Goto

Collaborating Authors

New Book: Credit risk analytics, The R Companion

@machinelearnbot

Credit risk analytics in R will enable you to build credit risk models from start to finish. Accessing real credit data via the accompanying website www.creditriskanalytics.net, you will master a wide range of applications, including building your own PD, LGD and EAD models as well as mastering industry challenges such as reject inference, low default portfolio risk modeling, model validation and stress testing. This book has been written as a companion to Baesens, B., Roesch, D. and Scheule H., Credit Risk Analytics: Measurement Techniques, Applications, and Examples in SAS, John Wiley & Sons, 2016. Bart Baesens is a professor of Big Data and Analytics at KU Leuven (Belgium) and a lecturer at the University of Southampton (United Kingdom). He has written more than 200 scientific papers and 10 books.


New E-learning course: Profit-driven Business Analytics

@machinelearnbot

The e-learning course on profit-driven business analytics presents a toolbox of advanced analytical approaches that support subsequent cost-optimal decision making. They are advanced in that they are tailored for use in a business setting, where it is crucial to account for the costs and benefits that are related to decision making based on the output of analytical models. We call such approaches profit-driven analytics and they extend and reinforce the abilities of traditional analytics.The profit-driven perspective towards analytics that is advanced in this course contrasts with a traditional statistical perspective, which ignores the costs and benefits related to decision making based on analytical models. In the course, we discuss both profit-driven descriptive and predictive analytics, and as well introduce uplift modeling as a stepping stone toward developing prescriptive analytical models. We also discuss a range of profit-driven evaluation measures for assessing the performance of analytical models from a business perspective.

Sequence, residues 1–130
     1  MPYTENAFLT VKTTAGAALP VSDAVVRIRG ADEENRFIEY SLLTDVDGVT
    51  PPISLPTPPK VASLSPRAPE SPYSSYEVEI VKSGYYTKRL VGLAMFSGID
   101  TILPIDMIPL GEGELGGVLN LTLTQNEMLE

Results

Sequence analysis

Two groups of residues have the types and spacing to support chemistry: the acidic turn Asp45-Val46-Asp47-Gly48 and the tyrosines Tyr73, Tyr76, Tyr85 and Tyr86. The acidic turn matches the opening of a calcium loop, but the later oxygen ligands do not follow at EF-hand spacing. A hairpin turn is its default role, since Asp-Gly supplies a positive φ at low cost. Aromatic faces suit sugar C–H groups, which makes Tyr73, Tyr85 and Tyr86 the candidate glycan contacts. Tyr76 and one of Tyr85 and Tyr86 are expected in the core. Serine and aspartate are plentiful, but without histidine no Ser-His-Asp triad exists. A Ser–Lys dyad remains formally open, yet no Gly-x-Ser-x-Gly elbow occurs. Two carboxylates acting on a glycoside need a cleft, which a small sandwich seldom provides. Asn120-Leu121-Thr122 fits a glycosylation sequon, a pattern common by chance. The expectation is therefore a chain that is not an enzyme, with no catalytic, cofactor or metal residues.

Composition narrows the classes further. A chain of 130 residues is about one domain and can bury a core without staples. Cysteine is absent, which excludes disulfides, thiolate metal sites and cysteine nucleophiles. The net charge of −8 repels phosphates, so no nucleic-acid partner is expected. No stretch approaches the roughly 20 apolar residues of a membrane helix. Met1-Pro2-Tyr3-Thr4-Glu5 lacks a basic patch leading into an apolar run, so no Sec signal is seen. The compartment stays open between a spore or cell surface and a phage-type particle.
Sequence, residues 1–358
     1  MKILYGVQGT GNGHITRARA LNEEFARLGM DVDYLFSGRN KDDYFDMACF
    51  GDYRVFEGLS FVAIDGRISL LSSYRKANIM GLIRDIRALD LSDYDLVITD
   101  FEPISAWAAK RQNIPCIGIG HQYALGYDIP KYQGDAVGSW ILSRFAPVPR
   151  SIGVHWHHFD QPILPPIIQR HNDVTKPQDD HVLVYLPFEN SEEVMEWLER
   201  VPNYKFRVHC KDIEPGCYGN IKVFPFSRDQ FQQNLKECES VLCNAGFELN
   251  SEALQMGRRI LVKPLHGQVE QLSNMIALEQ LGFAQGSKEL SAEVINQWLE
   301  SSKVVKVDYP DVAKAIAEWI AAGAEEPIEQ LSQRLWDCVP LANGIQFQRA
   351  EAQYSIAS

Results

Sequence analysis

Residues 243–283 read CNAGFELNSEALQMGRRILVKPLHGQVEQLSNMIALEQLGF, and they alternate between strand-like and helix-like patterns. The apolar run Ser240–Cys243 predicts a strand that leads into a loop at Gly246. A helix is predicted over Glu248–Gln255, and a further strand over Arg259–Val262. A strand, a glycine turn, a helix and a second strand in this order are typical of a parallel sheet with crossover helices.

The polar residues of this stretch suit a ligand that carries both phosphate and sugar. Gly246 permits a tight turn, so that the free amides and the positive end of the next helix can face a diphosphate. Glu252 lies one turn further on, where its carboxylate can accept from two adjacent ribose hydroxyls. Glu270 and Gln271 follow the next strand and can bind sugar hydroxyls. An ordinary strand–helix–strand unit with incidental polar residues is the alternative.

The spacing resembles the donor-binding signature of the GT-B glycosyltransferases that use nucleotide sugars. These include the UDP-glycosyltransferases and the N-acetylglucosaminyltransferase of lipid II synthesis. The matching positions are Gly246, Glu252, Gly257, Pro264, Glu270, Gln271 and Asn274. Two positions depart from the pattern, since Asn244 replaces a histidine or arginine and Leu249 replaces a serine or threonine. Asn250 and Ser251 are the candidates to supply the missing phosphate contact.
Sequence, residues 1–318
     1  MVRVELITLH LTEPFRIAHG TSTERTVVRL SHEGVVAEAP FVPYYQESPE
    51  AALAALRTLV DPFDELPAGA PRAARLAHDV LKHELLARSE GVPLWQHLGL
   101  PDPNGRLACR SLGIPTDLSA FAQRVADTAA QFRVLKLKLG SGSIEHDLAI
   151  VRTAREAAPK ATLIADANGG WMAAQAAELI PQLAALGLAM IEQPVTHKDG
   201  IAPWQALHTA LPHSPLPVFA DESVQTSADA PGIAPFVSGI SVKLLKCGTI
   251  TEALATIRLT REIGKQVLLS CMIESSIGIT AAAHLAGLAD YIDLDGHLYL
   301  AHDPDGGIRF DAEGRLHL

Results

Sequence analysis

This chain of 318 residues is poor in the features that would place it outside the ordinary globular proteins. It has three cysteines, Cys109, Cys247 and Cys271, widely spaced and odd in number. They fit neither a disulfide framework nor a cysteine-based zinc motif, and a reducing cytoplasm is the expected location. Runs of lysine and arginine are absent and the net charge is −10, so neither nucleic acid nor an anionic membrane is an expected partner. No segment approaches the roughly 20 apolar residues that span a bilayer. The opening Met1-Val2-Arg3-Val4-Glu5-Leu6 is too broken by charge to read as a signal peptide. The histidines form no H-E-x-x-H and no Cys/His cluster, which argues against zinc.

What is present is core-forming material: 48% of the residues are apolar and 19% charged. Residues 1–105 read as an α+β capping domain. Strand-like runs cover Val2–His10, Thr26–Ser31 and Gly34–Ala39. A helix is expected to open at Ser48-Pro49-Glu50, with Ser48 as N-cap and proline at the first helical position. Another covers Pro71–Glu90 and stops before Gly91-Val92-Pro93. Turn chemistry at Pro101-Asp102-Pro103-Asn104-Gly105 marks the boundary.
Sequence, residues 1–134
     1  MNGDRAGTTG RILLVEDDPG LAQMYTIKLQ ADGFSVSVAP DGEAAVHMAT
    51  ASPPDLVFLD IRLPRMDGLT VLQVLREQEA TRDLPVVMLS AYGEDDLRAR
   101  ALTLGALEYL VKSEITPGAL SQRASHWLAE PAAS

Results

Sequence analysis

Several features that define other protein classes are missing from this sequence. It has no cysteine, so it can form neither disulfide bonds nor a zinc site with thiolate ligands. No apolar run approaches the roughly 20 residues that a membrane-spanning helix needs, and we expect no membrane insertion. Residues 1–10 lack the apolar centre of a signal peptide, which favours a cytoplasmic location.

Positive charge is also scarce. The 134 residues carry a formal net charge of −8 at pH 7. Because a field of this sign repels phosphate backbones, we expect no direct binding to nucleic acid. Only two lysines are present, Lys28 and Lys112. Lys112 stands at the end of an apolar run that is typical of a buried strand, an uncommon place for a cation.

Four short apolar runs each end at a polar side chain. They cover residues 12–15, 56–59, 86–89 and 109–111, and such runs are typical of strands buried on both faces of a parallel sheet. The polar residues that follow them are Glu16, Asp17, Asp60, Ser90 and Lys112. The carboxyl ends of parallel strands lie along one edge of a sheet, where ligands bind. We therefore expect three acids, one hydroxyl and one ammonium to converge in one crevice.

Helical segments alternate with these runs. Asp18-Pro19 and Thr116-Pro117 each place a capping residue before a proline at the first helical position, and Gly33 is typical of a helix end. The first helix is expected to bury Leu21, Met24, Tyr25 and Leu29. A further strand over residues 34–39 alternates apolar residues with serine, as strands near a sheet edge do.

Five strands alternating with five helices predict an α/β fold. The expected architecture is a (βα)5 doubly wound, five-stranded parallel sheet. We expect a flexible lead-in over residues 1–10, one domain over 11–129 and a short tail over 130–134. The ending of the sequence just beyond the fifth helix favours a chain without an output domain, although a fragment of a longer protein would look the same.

Book: Analytics in a Big Data World

@machinelearnbot

By leveraging big data & analytics, businesses create the potential to better understand, manage, and strategically exploiting the complex dynamics of customer behavior. Analytics in a Big Data World reveals how to tap into the powerful tool of data analytics to create a strategic advantage and identify new business opportunities. Designed to be an accessible resource, this essential book does not include exhaustive coverage of all analytical techniques, instead focusing on analytics techniques that really provide added value in business environments. The book draws on author Bart Baesens' expertise on the topics of big data, analytics and its applications in e.g. Baesens has conducted extensive research on big data, analytics, customer relationship management, web analytics, fraud detection, and credit risk management, and uses this experience to bring clarity to a complex topic.


E-learning courses on Advanced Analytics, Credit Risk Modeling, and Fraud Analytics

@machinelearnbot

The E-learning course starts by refreshing the basic concepts of the analytics process model: data preprocessing, analytics and post processing. We then discuss decision trees and ensemble methods (bagging, boosting, random forests), neural networks, support vector machines (SVMs), Bayesian networks, survival analysis, social networks, monitoring and backtesting analytical models. Throughout the course, we extensively refer to our industry and research experience. The E-learning course consists of more than 20 hours of movies, each 5 minutes on average. Quizzes are included to facilitate the understanding of the material.


Do We Need Balanced Sampling?

@machinelearnbot

In many real-world classification tasks such as churn prediction and fraud detection, we often encounter the class imbalance problem, which means one class is significantly outnumbered by the other class. The class imbalance problem brings great challenges to standard classification learning algorithms. Most of them tend to misclassify the minority instances more often than the majority instances on imbalanced data sets. For example, when a model is trained on a data set with 1% of instances from the minority class, a 99% accuracy rate can be achieved simply by classifying all instances as belonging to the majority class. Indeed, the problem of learning on imbalanced data sets is considered to be one of the ten challenging problems in data mining research.